Pradaxa Complication Rates Higher Than Coumadin: Preliminary Results

According to the preliminary results from an on-going study, the blood thinner Coumadin (warfarin) may be safer than newer drugs like Pradaxa, which has been linked to a number of deaths and other complications from uncontrollable bleeding. 

At the 2012 Thrombosis and Hemotasis Summit of North America last week, researchers from Alere, Inc. announced preliminary findings of a study looking at the safety of new blood thinners. They found that patients have to be removed from Pradaxa treatment due to complications more often than patients need to be removed from warfarin treatment, with the Pradaxa complications often occurring very early in the treatment.

Coumadin, which is known generically as warfarin, is an older blood thinner prescribed to reduce the risk of strokes and blood clots in certain high-risk patients. In recent years, there have been increasing efforts to identify alternative therapies, as warfarin requires extensive patient monitoring.

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Pradaxa (dabigatran) is the first drug in a new class of anticoagulants, which was introduced in October 2010. Although Pradaxa has been promoted as a superior alternative to Coumadin because it requires less monitoring, increasing concerns have emerged about the risk of severe bleeding events and other complications on Pradaxa.

In the preliminary findings of the Alere, Inc. study, researchers looked at 2,200 patients on oral blood thinner therapy. The rate of complications among warfarin patients was 0.88%. The rate of complications experienced by Pradaxa patients was 11.5%.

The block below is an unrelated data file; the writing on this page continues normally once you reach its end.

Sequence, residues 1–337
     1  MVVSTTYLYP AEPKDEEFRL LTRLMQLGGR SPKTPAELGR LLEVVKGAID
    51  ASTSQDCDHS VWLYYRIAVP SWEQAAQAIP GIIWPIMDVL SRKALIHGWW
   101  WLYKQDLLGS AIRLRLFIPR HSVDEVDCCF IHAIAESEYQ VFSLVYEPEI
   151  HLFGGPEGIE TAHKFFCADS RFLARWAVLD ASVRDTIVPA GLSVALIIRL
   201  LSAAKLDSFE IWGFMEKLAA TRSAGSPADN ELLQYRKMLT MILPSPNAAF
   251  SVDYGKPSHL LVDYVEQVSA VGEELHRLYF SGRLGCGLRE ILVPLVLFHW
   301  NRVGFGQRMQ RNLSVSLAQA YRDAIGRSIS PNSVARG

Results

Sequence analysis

During the study, only one patient on warfarin was hospitalized due to warfarin toxicity. By comparison, Pradaxa complications included one death from gastrointestinal bleeding, four other bleeding events, an incident of deep vein thrombosis, a heart attack, a case of atrial thrombus, a skin rash and four cases of gastrointestinal problems so severe that the patients were taken off the drug.

Amid a growing number of post-marketing reports involving deaths and other bleeding problems linked to side effects of Pradaxa, the FDA announced in December 2011 that it was reviewing the safety of the new blood thinner.

According to a report released by the Institute for Safe Medication Practices in January 2012, more instances of bleeding problems with Pradaxa were reported to the FDA during the first quarter of 2011 than were reported in association with any other drug monitored by the group.  At least 505 instances involving Pradaxa bleeding events were reported, compared to 176 cases reported with warfarin, which was second on the list.

In recent months, a growing number of Pradaxa lawsuits have been filed in state and federal courts throughout the United States in recent months.  The complaints allege that Boehringer Ingelheim failed to adequately research their medication and or warn that severe bleeding complications that occur with Pradaxa can not be reversed like they can be with warfarin or Coumadin.


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